Music teacher seeks lower bail in sex assault case
Dale Schimpf, 71, of Frackville, center, was arraigned Monday afternoon on charges related to having sex with a minor male from Tamaqua. He was escorted to court by arresting officer Tamaqua Cpl. Thomas Rodgers and Patrolman Michael Weaver. KATHY KUNKEL/TIMES NEWS
When police arrested music educator Dale C. Schimpf on sexual assault charges, he was holding his cellphone and using an online dating app called “Grindr” — the same app he allegedly used to contact his 13-year-old victim, according to testimony in Schuylkill County court Friday.
Tamaqua Police Corporal and criminal investigator Thomas Rogers arrested Schimpf, 71, Frackville, in the band room at Nativity B.V.M. High School on Feb. 25. His felony charges include statutory sexual assault, indecent sexual deviate intercourse by forcible compulsion, indecent sexual deviate intercourse with a person less than 16 and corruption of minors; and his misdemeanor charges include indecent exposure and indecent assault on a person less than 16.
Schimpf has been incarcerated in county prison since his arrest, unable to post the $100,000 straight cash bail imposed by District Magistrate Stephen Bayer. He sought a bail reduction in Schuylkill County Court Friday, in a hearing presided over by Judge Jacqueline Russell.
At the conclusion of the hearing, Judge Russell said she would review the evidence for the case and issue a ruling later. Russell was involved with various court proceedings throughout the day and did not issue a ruling by close-of-business Friday.
She is expected to rule on the bail reduction request Monday. Schimpf was represented by attorney Christine Holman, with attorney Thomas Pellish prosecuting.
According to the police report, Schimpf was in contact with the boy through the Grindr app. Schimpf asked to meet the victim after saying he thought he was “cute and I like younger,” then sent him a photo of his genitals.
He picked up the victim Feb. 23 at the boy’s home in Tamaqua, took him to dinner and then to his home in Frackville, where the victim said he was forced to participate in sexual acts.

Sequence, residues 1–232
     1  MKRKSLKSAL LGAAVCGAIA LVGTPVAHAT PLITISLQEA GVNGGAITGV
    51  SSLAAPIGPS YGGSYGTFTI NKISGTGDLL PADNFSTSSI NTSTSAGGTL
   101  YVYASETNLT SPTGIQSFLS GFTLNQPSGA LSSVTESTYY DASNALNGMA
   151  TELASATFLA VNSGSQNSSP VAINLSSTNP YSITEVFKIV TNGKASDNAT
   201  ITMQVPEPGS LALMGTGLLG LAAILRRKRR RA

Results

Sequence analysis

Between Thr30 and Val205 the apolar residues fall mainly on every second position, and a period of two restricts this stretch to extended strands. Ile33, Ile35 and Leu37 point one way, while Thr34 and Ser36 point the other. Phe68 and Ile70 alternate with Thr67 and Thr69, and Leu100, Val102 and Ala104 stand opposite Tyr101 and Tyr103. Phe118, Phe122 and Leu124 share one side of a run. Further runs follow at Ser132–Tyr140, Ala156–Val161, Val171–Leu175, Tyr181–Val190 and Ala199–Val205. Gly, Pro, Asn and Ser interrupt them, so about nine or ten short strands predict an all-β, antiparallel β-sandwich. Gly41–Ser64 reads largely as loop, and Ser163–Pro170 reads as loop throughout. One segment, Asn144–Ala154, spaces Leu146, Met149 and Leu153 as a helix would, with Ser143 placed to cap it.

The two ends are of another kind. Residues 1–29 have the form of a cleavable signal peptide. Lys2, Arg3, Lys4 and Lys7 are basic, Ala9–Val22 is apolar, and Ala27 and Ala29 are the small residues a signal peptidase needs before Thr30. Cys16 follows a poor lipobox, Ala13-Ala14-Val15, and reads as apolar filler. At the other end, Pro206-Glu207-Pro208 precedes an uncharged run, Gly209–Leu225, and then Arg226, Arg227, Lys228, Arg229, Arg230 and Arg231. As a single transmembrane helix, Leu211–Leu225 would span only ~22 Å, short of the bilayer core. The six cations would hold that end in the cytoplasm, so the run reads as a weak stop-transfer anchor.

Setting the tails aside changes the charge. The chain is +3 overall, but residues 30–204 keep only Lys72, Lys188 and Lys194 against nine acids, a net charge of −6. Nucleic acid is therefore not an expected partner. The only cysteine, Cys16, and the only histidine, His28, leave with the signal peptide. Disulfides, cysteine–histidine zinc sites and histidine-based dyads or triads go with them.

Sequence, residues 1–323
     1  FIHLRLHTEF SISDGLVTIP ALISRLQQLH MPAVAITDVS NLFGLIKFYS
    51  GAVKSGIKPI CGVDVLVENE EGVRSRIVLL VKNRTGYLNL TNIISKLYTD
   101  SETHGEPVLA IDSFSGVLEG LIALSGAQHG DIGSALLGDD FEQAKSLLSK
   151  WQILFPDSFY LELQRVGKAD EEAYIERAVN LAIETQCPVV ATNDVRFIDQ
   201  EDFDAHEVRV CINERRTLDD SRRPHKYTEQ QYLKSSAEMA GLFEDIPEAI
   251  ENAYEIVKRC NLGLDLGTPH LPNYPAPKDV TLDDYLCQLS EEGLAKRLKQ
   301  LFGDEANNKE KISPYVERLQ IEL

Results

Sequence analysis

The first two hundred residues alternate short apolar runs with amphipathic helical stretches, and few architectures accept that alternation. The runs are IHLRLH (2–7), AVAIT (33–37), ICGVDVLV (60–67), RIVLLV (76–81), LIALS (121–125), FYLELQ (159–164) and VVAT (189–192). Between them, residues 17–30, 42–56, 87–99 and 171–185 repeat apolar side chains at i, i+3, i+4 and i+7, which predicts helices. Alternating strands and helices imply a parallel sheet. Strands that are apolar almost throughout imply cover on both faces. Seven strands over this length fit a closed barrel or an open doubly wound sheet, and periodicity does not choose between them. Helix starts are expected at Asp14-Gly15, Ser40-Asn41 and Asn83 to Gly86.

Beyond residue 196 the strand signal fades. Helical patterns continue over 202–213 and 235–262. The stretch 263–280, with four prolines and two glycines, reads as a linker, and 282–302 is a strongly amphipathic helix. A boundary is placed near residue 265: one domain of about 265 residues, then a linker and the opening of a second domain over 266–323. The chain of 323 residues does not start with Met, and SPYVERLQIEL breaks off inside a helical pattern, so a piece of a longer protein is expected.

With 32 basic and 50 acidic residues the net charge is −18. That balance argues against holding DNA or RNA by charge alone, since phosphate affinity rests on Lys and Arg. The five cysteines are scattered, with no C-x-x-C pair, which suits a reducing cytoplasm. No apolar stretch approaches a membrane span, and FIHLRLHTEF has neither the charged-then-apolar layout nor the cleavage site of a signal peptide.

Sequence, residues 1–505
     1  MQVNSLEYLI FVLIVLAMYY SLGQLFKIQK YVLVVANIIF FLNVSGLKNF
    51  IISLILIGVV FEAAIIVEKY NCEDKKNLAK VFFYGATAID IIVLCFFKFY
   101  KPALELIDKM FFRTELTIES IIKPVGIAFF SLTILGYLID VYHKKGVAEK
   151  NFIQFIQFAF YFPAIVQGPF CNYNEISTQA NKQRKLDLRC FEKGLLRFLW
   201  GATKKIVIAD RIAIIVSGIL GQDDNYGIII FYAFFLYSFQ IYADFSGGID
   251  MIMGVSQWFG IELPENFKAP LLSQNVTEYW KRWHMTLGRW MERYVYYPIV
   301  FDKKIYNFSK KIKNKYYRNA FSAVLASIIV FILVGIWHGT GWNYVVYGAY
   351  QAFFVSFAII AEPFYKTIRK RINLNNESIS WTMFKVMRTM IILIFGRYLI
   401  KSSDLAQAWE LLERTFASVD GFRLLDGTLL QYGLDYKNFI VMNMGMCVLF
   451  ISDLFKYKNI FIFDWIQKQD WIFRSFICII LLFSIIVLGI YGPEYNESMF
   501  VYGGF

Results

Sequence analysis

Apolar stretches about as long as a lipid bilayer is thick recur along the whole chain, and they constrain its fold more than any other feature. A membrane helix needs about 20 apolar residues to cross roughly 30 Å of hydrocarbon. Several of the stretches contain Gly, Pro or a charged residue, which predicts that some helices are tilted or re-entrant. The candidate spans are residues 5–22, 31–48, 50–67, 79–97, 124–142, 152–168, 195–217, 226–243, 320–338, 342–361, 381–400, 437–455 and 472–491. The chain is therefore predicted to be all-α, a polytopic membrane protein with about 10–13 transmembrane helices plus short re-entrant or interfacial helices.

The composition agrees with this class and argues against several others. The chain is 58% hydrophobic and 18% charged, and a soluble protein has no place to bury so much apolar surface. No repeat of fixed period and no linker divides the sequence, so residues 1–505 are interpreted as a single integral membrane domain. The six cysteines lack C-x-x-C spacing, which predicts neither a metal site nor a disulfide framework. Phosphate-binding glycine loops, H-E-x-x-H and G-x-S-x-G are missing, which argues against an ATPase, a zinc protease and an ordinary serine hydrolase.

When interviewed by police, Schimpf admitted having sex with the young man, but said he was under the impression the boy was a 30-year-old man.
Through her questioning, Holman established that her client had been a lifelong resident of Schuylkill County, was well-educated with a master’s degree and worked as a music educator for three local school entities, North Schuylkill, Nativity and Cardinal Brennan (now closed).
Schimpf said that he was willing to surrender his driver’s license and passport. Holman pointed out that he is a music director and organist in two churches.
Schimpf, who’s been incarcerated for 38 days, said that his car has been repossessed and that he was having trouble meeting household bills, adding that he could provide “maybe a thousand dollars” for bail.
In response to a question for Judge Russell about income and savings, Schimpf said that adding Social Security benefits and a teacher’s pension, his income was about $4,000 monthly.
He said he had made “unwise financial decisions.” Schimpf’s teaching pension is from North Schuylkill School District, where he was a teacher from 1969 through 1999.
Anthony Kurdilla, a Frackville resident who said he met Schimpf 42 years ago, testified for Schimpf and said he would help him with rides as necessary for court proceedings. Schimpf has a preliminary hearing before Bayer April 23.
“I find Dale to be a very honorable man,” Kurdilla testified.
During his testimony, arresting officer Rogers painted a different picture of Schimpf.
Questioned by Holman as to why the arrest was made on school grounds, Rogers said that law enforcement made the move as soon as possible once they had a warrant, feeling it was “better to take him out of that environment as soon as possible.”
When Judge Russell asked him about evidence, Rogers said police have a videotaped confession obtained after the arrest.
Also, Rogers told Russell, police found nude photographs shared back and forth several times by both the accused and the victim via cellphone exchanges. Schimpf’s cellphone is currently at the state crime lab in Harrisburg, Rogers said.
“I don’t believe him to be a flight risk,” Rogers said in response to Holman’s questioning. “But I do think he could be a danger to the rest of a community. My worry is that he may have contact with somebody else.”
Holman said that incarceration has been difficult for Schimpf, although he is in protective custody.
“His sleep is interrupted,” Homan said. “And he has arthritis.”